Tolstoy and the Purple Chair, My year of Magical Reading by Tina Sankovitch was one of those memorable reads, inspiring, motivating, heart breaking and life affirming. The unusual title first caught my attention, but once I started reading, I couldn't stop.
After the death of her older sister, she (I am not being disrespectful or too familiar, but it is easier to use a first name then the last or full name), she tries to run from her sadness, both literally and by filling her life so full, she could barely think.
When the running didn’t help, she decided to read a book a day for a year, since a love of reading was something she shared with her sister.
For 365 days, she read, often until late at night. Often sitting in her comfortable old purple chair. All the books she read from 10/28/2008 to 10/28/2009 are listed at the end of the book. She also decided to review the books online and found a new satisfaction in books by talking about them on her blog. She’s written 1001 book reviews.
Reading how much she enjoyed discussing these books with others, inspired me to include more book reviews or discussions in my blog. I don’t have a sister, but I am lucky to have a good friend who loves reading as much as I do and we recommend books to each other. Also, this sharing is a large part of the popularity of book clubs.
Tolstoy and the Purple Chair starts with a quote from Thomas A. Kempis, “Everywhere I have sought rest and not found it, except sitting in a corner by myself with a little book.”
Sankovitch feels she has to forgive herself for living while her sister was dead. I could understand with that since I lost my oldest brother years ago, but still weep for him, want to talk with him again. Is guilt for not being there near the end of his life part of my unwillingness to let go of my grief? I was interested to see if the books she read helped her.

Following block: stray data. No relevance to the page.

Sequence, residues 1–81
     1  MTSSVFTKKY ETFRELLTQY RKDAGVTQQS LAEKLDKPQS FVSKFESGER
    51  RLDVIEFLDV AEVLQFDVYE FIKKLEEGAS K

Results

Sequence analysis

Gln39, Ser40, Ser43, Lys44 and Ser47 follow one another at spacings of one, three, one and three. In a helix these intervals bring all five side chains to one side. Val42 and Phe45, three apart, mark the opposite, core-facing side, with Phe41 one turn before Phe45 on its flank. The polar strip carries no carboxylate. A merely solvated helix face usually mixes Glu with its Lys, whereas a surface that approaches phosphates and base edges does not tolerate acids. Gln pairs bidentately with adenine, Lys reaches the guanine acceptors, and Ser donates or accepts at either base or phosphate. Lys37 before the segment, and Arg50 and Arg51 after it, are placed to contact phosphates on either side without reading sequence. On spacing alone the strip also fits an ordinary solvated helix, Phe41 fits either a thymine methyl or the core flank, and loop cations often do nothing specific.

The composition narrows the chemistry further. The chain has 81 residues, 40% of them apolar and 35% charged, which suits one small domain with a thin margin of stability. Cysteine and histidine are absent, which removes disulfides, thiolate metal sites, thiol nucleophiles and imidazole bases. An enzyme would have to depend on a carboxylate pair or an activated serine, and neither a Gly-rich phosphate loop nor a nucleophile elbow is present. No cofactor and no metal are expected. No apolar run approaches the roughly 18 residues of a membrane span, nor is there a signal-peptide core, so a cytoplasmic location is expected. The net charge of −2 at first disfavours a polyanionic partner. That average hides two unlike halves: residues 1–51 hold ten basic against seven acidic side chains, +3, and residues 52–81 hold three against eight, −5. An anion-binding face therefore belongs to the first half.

“Books were my time machine, my vehicles of recovery and reignited bliss from childhood and beyond,” she wrote. She felt connections to others reading the same book in different places and times.
|Reading in my beige chair|
During the year after my mother died, I read 146 books. I found them to be more therapeutic than watching mindless shows on television. Sometimes we just need to escape and there is always time for reading.
As Sankovitch wrote, “My year of magical reading was proving to be a fitting ending to my overwhelming sorrow and a solid beginning to the rest of my life.”
She found something meaningful in every book she read, both fiction and non-fiction. In mysteries, the sense of satisfaction is huge when a solution is found. We want our world to have order and mysteries often provide this. However, sometimes it is important to accept that there may be no real solution.
Some books we breeze through, but others have us searching for more. Sankovitch quoted author Elizabeth Maguire - “Have you ever been heartbroken to finish a book? Has a writer kept whispering in your ear long after the last page is turned?” Yes. Some books we can't forget.
I enjoyed reading this book and loved the ending, “So many books waiting to be read, so much happiness to be found, so much wonder to be revealed.”
She had a new book published by Simon & Schuster in 2014, . I think I’ll read that one soon. I have so many books on my “to read" list, but I still would welcome hearing about books that you enjoyed.
Check out more about her at www.readallday.org/blog